There was no mention of the Road Map, no mention of the Oslo Accords, and no mention of UN resolutions, and no mention as well of either international law or international humanitarian law…

She even said that “unilateral actions at the United Nations [n.b. – this is an oxymoron, isn’t it?] are not helpful and undermine trust”…

Clinton stated:
“By the same token, to build trust and momentum, both sides need to give the other credit when they take a hard step. As we begin to grapple with the core issues, each side will have to make difficult decisions, and they deserve credit when they do so. And it should not just be the United States that acknowledges moves that are made; the parties themselves must do so as well … To demonstrate their commitment to peace, Israeli and Palestinian leaders should stop trying to assign blame for the next failure, and focus instead on what they need to do to make these efforts succeed. And to demonstrate their commitment to peace, they should avoid actions that prejudge the outcome of negotiations or undermine good faith efforts to resolve final status issues. Unilateral efforts at the United Nations are not helpful and undermine trust. Provocative announcements on East Jerusalem are counterproductive. And the United States will not shy away from saying so”.

But, what does it mean to say that the U.S. will deepen its support for Palestinian “state-building efforts”, while seeming to disagree with moves (at least, unilateral moves) to seek United Nations membership + recognition for a Palestinian State?

On the face of it, this can only mean one thing: the U.S. will continue to throw money at the Palestinian Authority, while doing nothing to end the occupation… and the day-to-day misery and depression among Palestinians will continue, as the risk of mini-explosions of violence grows. [However, there is no prospect now of any outright revolt, or any new Intifada — both because there is “no decision” for this, as Hanan Ashrawi recently said, and there has simply been no preparation at all, either].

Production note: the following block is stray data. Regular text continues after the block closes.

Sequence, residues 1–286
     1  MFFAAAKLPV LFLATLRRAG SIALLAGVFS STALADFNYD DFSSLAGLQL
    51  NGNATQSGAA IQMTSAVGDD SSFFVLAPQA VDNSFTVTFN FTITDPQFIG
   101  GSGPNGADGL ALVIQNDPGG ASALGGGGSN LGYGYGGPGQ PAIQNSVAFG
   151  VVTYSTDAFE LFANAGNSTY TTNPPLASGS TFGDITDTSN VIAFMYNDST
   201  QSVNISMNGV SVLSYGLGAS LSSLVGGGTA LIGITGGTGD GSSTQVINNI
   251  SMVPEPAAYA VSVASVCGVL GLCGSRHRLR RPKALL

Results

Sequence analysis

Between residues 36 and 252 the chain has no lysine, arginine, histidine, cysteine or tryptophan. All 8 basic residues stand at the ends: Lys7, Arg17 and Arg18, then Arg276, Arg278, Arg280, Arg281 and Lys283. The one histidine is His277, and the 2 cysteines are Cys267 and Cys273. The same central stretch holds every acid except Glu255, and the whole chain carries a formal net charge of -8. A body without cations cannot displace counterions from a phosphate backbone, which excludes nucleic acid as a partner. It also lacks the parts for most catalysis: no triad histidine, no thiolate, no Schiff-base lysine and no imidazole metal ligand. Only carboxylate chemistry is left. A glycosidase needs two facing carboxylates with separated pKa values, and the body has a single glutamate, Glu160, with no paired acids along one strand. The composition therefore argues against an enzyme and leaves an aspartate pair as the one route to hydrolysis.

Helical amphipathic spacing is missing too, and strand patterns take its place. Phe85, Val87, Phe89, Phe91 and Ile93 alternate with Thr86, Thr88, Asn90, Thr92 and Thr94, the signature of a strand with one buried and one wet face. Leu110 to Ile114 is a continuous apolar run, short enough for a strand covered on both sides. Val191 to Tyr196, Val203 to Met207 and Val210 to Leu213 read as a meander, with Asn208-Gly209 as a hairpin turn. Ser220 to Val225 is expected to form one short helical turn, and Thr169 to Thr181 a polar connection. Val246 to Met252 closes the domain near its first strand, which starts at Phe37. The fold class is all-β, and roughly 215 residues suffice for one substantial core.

So, just more of the miserable and soul-deadening status quo, with misleading statistics about Palestinian economic growth [in the West Bank], and a slight rise in Palestinian income [again, only in the West Bank], and extremely misleading stories about the Ramallah “bubble” and the frenetic nightlife [NOT] of its party people.

Can’t the U.S. do any better than this?

One thought on “Hillary Clinton at Saban Forum: Palestinian state achieved through negotiations is inevitable, meanwhile parties will grapple with "core issues"”

  1. In 1995, Hillary Clinton said her mother had named her after Sir Edmund Hillary, who, with Sherpa Tenzing, was the first mountaineer to scale Mount Everest, and that was the reason for the unusual “two L’s” spelling of her name. However, the Everest climb did not take place until 1953, more than five years after she was born. In October 2006, a Clinton spokeswoman said she was not named after the mountain climber. Instead, this account of her name’s origin “was a sweet family story her mother shared to inspire greatness in her daughter, to great results I might add.”